Taiwanese with mainland residence permits may be banned from public office
Fines for those who don’t declare their status also being considered under proposal aimed at discouraging people from living across the strait
Taipei is considering barring Taiwanese with mainland residence permits from running for public office, one of two measures it may take to deter people from going to live across the strait, a senior official said on Wednesday.
Mainland China began issuing the permits to Taiwanese in September, a move President Tsai Ing-wen’s government has said was politically orchestrated by Beijing to create the impression of cross-strait unification.
But Beijing says the permits were introduced for convenience, and that the proposal would only hurt Taiwanese.
“The government is looking at ways to counter the impact [of Taiwanese obtaining the permits] and removing that civil right is one of the options that is in line with the results of our recent public opinion survey,” said Chiu Chui-cheng, vice-chairman of the Mainland Affairs Council in Taiwan, which handles cross-strait policy.
Beijing sees Taiwan as a part of the mainland that must be reunified, by force if necessary. It has suspended talks with the island since Tsai, of the independence-leaning Democratic Progressive Party, became president in 2016 and refused to accept the “one China” principle, which Beijing sees as the basis for official exchanges to resume.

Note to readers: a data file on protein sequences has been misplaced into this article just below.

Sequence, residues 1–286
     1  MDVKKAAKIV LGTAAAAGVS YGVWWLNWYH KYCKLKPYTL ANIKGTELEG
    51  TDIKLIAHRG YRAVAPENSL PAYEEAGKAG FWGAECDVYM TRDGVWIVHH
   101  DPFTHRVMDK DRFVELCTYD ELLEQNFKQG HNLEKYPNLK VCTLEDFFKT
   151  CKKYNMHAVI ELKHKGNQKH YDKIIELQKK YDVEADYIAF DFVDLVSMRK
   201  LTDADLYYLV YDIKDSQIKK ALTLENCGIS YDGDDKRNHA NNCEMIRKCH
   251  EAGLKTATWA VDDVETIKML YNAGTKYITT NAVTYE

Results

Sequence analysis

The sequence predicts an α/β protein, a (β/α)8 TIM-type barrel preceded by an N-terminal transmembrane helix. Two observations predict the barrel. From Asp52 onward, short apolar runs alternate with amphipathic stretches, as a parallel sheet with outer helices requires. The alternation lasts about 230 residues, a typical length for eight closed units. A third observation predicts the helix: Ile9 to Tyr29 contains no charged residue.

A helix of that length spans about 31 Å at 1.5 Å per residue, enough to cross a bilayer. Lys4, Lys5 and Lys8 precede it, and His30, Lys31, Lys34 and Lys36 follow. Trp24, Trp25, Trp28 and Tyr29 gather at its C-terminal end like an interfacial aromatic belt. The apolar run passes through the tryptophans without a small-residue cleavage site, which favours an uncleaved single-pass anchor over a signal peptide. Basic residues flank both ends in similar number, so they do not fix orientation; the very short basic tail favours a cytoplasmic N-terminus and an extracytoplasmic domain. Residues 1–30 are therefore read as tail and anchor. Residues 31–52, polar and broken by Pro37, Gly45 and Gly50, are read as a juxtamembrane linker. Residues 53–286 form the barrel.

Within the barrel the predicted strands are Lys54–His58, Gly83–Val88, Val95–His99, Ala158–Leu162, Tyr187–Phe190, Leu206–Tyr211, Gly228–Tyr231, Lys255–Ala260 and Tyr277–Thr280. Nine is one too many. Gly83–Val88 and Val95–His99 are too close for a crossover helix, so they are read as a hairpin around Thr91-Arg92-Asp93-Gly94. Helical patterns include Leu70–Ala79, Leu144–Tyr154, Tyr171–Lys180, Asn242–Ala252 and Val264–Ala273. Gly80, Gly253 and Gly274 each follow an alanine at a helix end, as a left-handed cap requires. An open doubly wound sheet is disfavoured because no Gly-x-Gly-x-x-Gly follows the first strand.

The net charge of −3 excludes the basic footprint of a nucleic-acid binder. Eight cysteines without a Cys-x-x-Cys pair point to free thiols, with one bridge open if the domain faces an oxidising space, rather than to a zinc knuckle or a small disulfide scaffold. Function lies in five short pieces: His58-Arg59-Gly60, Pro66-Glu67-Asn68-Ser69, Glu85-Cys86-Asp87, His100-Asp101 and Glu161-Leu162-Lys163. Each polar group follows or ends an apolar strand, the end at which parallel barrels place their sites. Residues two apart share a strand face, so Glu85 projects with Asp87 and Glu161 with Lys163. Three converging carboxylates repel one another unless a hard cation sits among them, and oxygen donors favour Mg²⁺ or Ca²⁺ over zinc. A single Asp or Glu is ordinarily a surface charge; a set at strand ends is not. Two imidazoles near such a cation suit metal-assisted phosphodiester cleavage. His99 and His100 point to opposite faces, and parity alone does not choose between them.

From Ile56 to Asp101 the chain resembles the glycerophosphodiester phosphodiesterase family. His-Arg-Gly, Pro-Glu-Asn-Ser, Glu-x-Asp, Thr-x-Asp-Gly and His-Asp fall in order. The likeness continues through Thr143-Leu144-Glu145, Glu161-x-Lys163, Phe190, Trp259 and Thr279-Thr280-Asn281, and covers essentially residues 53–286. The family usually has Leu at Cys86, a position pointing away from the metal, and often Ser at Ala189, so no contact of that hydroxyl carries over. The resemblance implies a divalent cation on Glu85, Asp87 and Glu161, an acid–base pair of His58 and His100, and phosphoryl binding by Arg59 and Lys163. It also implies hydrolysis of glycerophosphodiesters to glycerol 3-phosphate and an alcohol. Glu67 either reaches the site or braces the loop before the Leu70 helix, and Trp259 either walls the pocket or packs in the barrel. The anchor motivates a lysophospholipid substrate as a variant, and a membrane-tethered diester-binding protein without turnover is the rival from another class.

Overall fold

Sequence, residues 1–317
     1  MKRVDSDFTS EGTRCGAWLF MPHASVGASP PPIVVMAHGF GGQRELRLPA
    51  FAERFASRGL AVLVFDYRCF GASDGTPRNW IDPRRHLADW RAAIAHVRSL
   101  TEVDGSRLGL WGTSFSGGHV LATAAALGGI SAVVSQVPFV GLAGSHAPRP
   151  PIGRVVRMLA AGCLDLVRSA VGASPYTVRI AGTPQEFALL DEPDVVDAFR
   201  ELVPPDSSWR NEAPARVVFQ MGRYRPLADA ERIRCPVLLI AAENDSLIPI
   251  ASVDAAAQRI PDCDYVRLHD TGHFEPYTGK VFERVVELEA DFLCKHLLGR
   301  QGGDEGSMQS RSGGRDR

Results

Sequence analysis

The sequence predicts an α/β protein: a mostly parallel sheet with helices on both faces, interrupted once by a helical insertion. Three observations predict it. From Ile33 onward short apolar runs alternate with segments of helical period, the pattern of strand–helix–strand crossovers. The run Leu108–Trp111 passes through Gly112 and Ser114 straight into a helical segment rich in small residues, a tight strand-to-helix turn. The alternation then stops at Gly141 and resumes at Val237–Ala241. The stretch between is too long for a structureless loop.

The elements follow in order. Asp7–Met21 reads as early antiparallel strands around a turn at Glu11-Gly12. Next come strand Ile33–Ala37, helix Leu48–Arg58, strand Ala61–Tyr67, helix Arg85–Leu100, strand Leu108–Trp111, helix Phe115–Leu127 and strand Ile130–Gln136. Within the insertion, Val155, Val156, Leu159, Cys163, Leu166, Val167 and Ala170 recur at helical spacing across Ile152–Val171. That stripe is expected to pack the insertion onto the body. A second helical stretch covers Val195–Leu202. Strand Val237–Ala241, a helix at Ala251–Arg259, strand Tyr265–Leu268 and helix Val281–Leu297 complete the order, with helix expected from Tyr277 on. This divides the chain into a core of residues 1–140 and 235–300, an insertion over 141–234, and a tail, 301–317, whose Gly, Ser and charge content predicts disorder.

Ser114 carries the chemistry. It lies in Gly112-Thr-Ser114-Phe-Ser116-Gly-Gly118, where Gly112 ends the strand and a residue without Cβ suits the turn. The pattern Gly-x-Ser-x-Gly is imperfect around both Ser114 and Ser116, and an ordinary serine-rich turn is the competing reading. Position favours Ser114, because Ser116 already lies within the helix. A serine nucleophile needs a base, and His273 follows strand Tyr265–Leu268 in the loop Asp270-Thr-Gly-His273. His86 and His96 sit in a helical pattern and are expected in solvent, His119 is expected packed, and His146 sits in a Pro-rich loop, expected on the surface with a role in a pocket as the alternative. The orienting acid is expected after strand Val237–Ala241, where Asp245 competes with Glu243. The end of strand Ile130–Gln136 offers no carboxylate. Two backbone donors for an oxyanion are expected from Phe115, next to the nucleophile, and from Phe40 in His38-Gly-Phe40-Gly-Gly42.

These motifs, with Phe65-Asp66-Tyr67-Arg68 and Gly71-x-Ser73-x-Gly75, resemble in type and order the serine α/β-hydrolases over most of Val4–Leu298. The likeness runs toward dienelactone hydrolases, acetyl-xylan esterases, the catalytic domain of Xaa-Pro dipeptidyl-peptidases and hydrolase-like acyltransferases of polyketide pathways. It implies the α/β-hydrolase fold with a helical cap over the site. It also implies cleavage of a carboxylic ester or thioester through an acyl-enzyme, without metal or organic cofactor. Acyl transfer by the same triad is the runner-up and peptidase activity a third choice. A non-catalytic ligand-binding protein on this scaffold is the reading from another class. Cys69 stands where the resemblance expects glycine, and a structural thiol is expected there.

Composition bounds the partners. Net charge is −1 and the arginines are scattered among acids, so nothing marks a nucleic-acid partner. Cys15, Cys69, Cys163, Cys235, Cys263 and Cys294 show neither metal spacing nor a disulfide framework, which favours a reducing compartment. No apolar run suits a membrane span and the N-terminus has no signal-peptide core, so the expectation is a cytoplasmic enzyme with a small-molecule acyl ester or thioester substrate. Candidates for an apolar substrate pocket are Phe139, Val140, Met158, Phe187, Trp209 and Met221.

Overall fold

The mainland residence permits have been viewed by Taipei as a means of enticing Taiwanese to support cross-strait unification in the future – an idea the self-ruled island has long rejected.
Chiu said the government was also considering requiring people who obtained the permits to declare their residency status to the Taiwanese authorities, with fines applicable for those who failed to do so.
Under the draft plan, Taiwanese could be fined up to NT$100,000 (US$3,200) for failing to declare their mainland residency permit.
Chiu said the Mainland Affairs Council would send the proposal to the legislature for review and debate.
A recent survey conducted by the council found 75 per cent of respondents supported the idea of removing the right of any Taiwanese with a mainland residence permit to run for public office, on the grounds that they were not living in Taiwan.
The pro-independence New Power Party has called for similar treatment for those who obtain the mainland permits.
Taipei has said mainland authorities have not been clear about what the permits are for, and that requirements – such as having lived on the mainland for six months – had been eased to encourage more Taiwanese to apply for them.
But Beijing said the permits were designed to give Taiwanese access to local benefits and to make their lives more convenient.
“We issue these permits to meet the needs of our Taiwanese compatriots and to facilitate their studies, work and daily lives on the mainland,” Ma Xiaoguang, a spokesman for the Taiwan Affairs Office under Beijing’s cabinet, said on Wednesday.
He said the permits had nothing to do with politics and that the authorities had never demanded that Taiwanese based on the mainland apply for them.
“Unfortunately, the DPP authorities are doing all they can to wreck this [system],” Ma said, adding that the government’s proposal would only hurt Taiwanese people.
Taiwanese businesspeople on the mainland have also criticised the proposal, saying it is unfair to them since they are just doing business across the strait and are not involved in politics.